My first edit with HF. Feedback is welcome.

AmbiroaAmbiroa Website User Posts: 180 Just Starting Out
Hey guys. After following some essential vids on HF, experimenting and generally trying to understand if HF's logic can connect with mine, I was convinced it is actually one of the most intuitive programs for me that I tried. Bought it and this is my first cut.
http://youtu.be/LPSMZcRvAas
Stock footage, graded in Resolve, edited in HF without comps. The music I added at the last moment and simply aligned to the start of the timeline, which obviously isn't the correct way to do, but it turns out I made a nice count on frames as some breaks aligns nicely with the clips.
I also learned the hard way of working in the right container (MOV), but with the wrong codec (MP4). I rendered the graded clips on Resolve's default assuming its a good edit format and had to deal with super slowness inside HF. To the point that my preview window wasn't showing the transitions or skipped frames.
I learned afterwards that delivery and edit formats can differ hugely and noticed that DNxHD is one of the best codecs for edit, either within MOV or MXF, both available with Resolve. So I will try that with the next.
Any feedback is welcome. I think I have done a nice job for a complete novice (started reading on post a month ago, played with Resolve 2 weeks ago), and didn't go overboard with the grading. Not sure how it looks on your screen though, because mine isn't calibrated...lol.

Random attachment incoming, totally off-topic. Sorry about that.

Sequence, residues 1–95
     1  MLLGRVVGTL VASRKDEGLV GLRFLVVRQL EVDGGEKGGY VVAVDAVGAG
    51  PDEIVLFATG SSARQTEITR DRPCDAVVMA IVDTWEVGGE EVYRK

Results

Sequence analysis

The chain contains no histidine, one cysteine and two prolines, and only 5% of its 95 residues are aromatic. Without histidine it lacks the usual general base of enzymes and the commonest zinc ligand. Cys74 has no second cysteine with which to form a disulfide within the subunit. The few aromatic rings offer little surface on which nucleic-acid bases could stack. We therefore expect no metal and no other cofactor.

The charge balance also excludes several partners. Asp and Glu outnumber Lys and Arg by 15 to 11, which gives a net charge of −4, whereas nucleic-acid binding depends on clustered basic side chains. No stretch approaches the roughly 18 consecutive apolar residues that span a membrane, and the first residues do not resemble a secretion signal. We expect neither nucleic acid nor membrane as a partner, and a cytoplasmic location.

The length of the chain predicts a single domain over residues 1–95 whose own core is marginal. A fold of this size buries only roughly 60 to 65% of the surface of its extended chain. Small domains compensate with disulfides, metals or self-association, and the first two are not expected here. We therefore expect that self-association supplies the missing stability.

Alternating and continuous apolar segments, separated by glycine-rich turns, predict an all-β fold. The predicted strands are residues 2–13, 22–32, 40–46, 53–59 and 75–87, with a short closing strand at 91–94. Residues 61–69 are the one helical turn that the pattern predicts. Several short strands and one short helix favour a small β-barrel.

:)

Comments

  • SimonKJonesSimonKJones Moderator Website User, HitFilm Beta Tester Posts: 4,450 Enthusiast
    Most of the grading there works nicely. The stadium shot near the start I thought benefited the most, in that the grade brought out a metallic sheen that felt suitably futuristic.
    Only thing I'd say to look at is that a couple of clips don't quite fill the frame, presumably because those stock clips were smaller than the rest. You can use the transform controls to enlarge those clips to fill the frame, so that you don't have black bars around the edges of the shot.
  • AmbiroaAmbiroa Website User Posts: 180 Just Starting Out
    Thanks Simon. Yes I am really happy how the stadium turned out, wanted to do that blue-ish mood that blockbusters have these days. It was really hard to grade that one because I also tried to put a powerwindow over the stadium, invert it, and then adjust it surroundings, but the tracking didn't go well at all so in the end I left it out.